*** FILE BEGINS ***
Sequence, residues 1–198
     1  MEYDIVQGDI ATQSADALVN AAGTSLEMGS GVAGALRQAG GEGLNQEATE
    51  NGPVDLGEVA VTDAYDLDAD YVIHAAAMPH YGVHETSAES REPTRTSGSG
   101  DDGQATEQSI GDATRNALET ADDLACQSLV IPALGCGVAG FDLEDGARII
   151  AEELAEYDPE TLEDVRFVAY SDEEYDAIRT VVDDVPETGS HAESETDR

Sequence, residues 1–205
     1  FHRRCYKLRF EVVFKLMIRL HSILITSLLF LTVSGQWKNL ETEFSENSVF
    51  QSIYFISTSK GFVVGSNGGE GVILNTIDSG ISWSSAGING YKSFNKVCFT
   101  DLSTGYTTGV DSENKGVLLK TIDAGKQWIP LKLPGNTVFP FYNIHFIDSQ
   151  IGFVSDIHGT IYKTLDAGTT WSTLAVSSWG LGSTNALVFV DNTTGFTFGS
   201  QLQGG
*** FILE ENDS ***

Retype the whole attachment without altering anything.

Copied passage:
Sequence, residues 1–198
     1  MEYDIVQGDI ATQSADALVN AAGTSLEMGS GVAGALRQAG GEGLNQEATE
    51  NGPVDLGEVA VTDAYDLDAD YVIHAAAMPH YGVHETSAES REPTRTSGSG
   101  DDGQATEQSI GDATRNALET ADDLACQSLV IPALGCGVAG FDLEDGARII
   151  AEELAEYDPE TLEDVRFVAY SDEEYDAIRT VVDDVPETGS HAESETDR

Sequence, residues 1–205
     1  FHRRCYKLRF EVVFKLMIRL HSILITSLLF LTVSGQWKNL ETEFSENSVF
    51  QSIYFISTSK GFVVGSNGGE GVILNTIDSG ISWSSAGING YKSFNKVCFT
   101  DLSTGYTTGV DSENKGVLLK TIDAGKQWIP LKLPGNTVFP FYNIHFIDSQ
   151  IGFVSDIHGT IYKTLDAGTT WSTLAVSSWG LGSTNALVFV DNTTGFTFGS
   201  QLQGG